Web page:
Sibusiso Mjikeliso – Sport24
- The Lions are desperately trying to cling onto star Springbok hooker Malcolm Marx.
- Talented home-grown products like Marx, Tyrone Green and Ruan Vermaak opted out of their contracts.
- Without a director of rugby there’s no one to sell the vision of the franchise to potential signings and key players.
The Lions were the darlings of the last decade and came dangerously close to their first Super Rugby title but, to scale those peaks again or win it, they must rediscover their boardroom touch.
Recent on-field results, coaching appointments and transfer activity have cast a shadow over the Johannesburg franchise’s ability to claim the Southern Hemisphere throne. At last check, they were barely hanging onto hopes of keeping one of their only two marquee stars Malcolm Marx – the other being Elton Jantjies – after the former opted out of his contract during the 21-day “transfer window”.
Marx was on a good deal, which allowed him to take a sabbatical to play in Japan and cover some of the financial shortfall for playing locally.
Despite that, the talented hooker opted out. The Sharks had about 10 of their players wanted by overseas clubs, some of which for eye-watering amounts, and they managed to keep their Springboks.
Where money can’t reach, often it takes boardroom finesse and belief that the organisation is moving in the right direction for a player to commit their future to a franchise.
This is where a director of rugby, like Jake White or Rassie Erasmus, comes in very handy. The en vogue position – a hybrid between head coach and general manager – has proven to be a successful recipe in these times of pay cuts, wage bill limits and contracting restrictions.
Not having one, especially a person whose coaching credentials need no enunciating, has put the Lions on the back foot.
Cash van Rooyen might make a decent head coach down the line but directly above him you need someone who can sell a vision to current players and potential incomers.
The Lions weren’t always this ponderous in the boardroom. When CEO Rudolf Straeuli arrived from the Sharks in 2013, their Super Rugby status had just been wrested from the Southern Kings but there was much suspicion about their ability to survive the rigours of the competition.
But someone with a cunning eye for talent saw the 2012 and 2013 Tuks Varsity Cup teams and thought something useful could be done with those players. Some of them included Franco Mostert and Courtnall Skosan, who became Springboks.
Players like Warwick Tecklenburg, Robbie Coetzee and Marvin Orie went from being under-the-radar fringe Bulls players to prominent Lions stalwarts. They had something akin to a “Moneyball” style of talent recruitment, with Johan Ackermann’s leadership qualities to sweeten the pie.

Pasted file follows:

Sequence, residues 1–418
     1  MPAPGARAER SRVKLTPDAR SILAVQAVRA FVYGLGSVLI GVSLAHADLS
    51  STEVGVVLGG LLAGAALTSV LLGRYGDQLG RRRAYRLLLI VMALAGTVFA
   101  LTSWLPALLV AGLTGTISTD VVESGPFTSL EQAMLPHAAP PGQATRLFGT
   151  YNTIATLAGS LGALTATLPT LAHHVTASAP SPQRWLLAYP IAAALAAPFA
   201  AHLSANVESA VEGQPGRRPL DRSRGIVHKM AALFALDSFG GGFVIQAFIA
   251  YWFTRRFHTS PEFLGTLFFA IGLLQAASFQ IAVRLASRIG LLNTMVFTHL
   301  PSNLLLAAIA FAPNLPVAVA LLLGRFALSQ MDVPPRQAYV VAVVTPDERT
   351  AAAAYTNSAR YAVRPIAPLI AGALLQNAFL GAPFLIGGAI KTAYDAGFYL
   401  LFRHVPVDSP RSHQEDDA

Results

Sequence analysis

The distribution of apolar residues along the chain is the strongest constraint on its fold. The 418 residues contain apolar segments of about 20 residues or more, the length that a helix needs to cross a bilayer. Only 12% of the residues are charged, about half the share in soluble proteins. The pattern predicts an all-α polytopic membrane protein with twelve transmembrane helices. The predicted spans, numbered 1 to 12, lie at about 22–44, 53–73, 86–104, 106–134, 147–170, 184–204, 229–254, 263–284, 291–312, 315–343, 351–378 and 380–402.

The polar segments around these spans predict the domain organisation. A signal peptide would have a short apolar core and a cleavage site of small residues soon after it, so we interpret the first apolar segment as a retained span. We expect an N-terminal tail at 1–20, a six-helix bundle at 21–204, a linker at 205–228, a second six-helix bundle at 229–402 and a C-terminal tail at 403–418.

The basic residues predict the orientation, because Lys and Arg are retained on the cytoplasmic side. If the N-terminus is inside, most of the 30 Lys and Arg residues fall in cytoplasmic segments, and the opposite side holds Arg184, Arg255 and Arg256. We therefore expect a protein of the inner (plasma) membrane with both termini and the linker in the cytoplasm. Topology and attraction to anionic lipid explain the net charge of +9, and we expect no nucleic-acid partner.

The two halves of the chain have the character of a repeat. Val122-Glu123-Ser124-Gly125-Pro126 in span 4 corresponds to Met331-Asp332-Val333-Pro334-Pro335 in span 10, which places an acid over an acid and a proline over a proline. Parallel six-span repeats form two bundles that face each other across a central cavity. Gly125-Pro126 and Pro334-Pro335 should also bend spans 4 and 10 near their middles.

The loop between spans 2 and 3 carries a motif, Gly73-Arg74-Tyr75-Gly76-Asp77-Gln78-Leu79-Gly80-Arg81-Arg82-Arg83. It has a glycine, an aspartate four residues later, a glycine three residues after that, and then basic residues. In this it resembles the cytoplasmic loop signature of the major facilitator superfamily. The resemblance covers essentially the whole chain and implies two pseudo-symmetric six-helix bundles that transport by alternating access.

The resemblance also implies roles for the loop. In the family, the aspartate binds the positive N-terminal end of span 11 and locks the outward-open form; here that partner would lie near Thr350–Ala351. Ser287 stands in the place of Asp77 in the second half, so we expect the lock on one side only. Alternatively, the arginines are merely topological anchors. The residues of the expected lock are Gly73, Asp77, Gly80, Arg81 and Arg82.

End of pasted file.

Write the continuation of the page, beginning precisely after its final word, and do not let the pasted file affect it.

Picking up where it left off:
By their first Super Rugby final in 2016, the Lions were back to prominence as a Super Rugby franchise, something they had never tasted since they split from the old Cats.
The loss of home-grown talents such as Tyrone Green and Ruan Vermaak, however, have hurt their long-term plans to regain their prominent status. But if they hark back to the kind of recruitment and coaching that got them to the top they could be within a playoff shout in a couple of years.
This time around they are linked with more players from across the Jukskei divide. It will be telling whether or not they manage to lure Burger Odendaal or any other top players to Johannesburg.
To fill the void left by the hot-stepping Green, Joburg-born winger Jade Stighling could make for an interesting acquisition and he’s starved of game time at the Bulls. So too could Pieter van Vuren, the lock who played under Brent Janse van Rensburg’s successful Griquas side.
Should they fail to convince Marx to stay, they could not do worse than former Paarl Gimnasium captain HJ Luus. Luus was poised for a starring role in this year’s Maties team before the coronavirus pandemic ended the Varsity Cup season prematurely.
Height might be against him but, heck, you could throw Maliviwe Simanga into the mix and you’d be surprised by the output you’d get from a hungry player given a chance at the top level.
To reference a contentious point in the popular Michel Jordan documentary “The Last Dance” – where Chicago Bulls general manager Jerry Krause properly cheeses Jordan off with comments that “organisations win championships” – organisations don’t necessarily win you championships but you don’t even get close without good ones.